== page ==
Palo Alto Southern Pacific Station

Waiting room and mural by John McQuarrie Photograph by Judith Silva, courtesy of the City of Santa

Quick Facts

Location:
95 University Ave.
Significance:
ARCHITECTURE/ENGINEERING
Designation:
96000425
OPEN TO PUBLIC:
Yes

The Palo Alto Southern Pacific Station is an excellent example of the Streamline Moderne style which has important connections with American social history, and which is not typically found in Palo Alto. During the 1920s and 1930s most of the significant buildings in town were designed by a single dominant and exceptionally talented local architect, Birge Clark, who worked almost exclusively in the Mission Revival or Spanish Colonial Revival styles. Consequently, the other major buildings of that era, such as large commercial blocks and apartment buildings, the main Post Office, the Community Center and other civic buildings were built in the Mission Revival or Spanish Colonial Revival styles. On October 22, 1940, the cornerstone was laid for the new railroad station which was most likely designed by a full-time architect employed by Southern Pacific. The new station replaced the one built in 1897. The building is 215 feet long by 25 feet wide with an arcade in front and a marquee at the rear including two buildings connected by an arcade. The station interior is consists of the ticket office, waiting room, rest rooms, baggage room and a passageway between the waiting room and baggage room.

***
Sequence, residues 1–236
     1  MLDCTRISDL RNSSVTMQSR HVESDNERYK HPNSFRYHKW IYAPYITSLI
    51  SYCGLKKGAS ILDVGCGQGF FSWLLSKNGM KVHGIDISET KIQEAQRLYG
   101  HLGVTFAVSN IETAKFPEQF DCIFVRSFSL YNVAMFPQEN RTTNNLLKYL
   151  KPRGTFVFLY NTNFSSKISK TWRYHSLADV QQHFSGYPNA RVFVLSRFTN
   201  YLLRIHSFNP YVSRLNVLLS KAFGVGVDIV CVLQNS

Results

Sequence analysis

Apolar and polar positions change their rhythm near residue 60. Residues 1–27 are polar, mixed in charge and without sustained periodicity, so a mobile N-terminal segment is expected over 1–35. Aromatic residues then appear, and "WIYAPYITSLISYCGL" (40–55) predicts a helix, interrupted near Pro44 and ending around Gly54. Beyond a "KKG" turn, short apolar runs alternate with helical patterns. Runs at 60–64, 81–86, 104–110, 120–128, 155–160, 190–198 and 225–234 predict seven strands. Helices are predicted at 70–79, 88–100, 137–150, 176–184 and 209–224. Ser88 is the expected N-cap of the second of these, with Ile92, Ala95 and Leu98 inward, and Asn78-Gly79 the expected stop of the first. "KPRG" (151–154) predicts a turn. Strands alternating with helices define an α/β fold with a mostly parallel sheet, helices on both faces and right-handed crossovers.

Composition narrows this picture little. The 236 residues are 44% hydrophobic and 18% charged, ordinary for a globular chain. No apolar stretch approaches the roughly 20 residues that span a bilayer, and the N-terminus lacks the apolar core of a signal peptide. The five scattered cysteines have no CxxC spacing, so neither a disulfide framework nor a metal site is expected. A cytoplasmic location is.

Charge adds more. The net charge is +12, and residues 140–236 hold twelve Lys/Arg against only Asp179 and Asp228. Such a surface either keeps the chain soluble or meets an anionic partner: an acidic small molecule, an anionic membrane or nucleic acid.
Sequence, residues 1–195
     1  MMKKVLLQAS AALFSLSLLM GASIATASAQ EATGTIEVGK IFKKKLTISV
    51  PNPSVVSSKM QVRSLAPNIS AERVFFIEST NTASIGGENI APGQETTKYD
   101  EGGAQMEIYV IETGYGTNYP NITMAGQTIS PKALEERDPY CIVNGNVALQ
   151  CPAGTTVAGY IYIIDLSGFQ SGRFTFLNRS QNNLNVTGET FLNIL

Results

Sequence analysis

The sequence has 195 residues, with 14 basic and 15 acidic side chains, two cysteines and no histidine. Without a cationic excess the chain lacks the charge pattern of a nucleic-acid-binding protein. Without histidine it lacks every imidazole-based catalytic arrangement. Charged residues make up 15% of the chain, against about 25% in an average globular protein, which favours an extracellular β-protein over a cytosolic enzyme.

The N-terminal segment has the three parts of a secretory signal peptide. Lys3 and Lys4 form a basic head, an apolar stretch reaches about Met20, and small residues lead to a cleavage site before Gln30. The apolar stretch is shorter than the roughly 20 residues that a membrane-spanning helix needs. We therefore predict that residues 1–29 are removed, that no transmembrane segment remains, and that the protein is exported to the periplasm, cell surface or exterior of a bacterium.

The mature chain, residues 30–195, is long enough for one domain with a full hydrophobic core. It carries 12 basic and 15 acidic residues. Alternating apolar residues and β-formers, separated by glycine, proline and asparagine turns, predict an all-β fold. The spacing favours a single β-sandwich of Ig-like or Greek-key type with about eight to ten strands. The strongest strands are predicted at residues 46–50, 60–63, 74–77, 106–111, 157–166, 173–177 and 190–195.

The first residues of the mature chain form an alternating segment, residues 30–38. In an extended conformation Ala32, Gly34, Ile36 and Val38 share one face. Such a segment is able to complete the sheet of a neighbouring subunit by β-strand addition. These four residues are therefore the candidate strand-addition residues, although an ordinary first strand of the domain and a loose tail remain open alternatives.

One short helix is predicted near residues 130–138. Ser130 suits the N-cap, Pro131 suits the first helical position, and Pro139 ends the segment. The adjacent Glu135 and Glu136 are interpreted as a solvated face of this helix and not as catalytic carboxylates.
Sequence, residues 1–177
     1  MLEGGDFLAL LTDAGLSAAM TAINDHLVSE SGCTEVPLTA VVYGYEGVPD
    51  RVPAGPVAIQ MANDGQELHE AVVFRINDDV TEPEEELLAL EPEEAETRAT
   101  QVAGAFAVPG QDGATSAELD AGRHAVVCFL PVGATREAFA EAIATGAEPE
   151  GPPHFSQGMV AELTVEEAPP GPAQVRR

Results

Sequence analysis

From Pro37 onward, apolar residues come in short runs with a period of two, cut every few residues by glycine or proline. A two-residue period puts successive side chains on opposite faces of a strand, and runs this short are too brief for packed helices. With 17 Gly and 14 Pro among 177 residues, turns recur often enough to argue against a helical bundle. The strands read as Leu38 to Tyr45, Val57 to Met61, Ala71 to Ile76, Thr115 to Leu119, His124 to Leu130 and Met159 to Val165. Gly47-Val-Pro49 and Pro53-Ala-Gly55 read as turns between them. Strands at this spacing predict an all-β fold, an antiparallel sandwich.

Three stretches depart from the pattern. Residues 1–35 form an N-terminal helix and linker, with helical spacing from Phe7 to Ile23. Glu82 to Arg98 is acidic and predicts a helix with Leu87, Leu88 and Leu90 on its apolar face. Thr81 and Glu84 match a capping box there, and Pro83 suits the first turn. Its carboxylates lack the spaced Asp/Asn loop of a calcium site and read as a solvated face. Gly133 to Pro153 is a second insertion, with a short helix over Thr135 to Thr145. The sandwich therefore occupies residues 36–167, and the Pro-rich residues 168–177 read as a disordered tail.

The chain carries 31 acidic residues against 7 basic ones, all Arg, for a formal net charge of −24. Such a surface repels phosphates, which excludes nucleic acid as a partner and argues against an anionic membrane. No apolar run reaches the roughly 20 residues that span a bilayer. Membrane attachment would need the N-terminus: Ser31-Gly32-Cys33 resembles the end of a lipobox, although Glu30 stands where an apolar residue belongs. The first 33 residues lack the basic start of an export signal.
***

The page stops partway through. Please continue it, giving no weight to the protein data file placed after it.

The interior of the building features a mural by John McQuarrie. Its central theme is Leland Stanford's dream of a University influenced by a pageant of transportation. The mural depicts facts and events of significance and influence historically expressed in the development of California. This one-story streamlined Southern Pacific station personifies the tendency of the 1930s to style buildings in the imagery of transportation machinery, in this case the Streamline train. The building has all the classic trademarks of the mode: porthole windows, horizontal parallel lines to indicate speed and glass blocks. Refurbished in the early 1980s, the Palo Alto station has become a regional transit center serving Santa Clara County and San Mateo County transit bus passengers as well as CalTrain commuters.

Last updated: January 30, 2018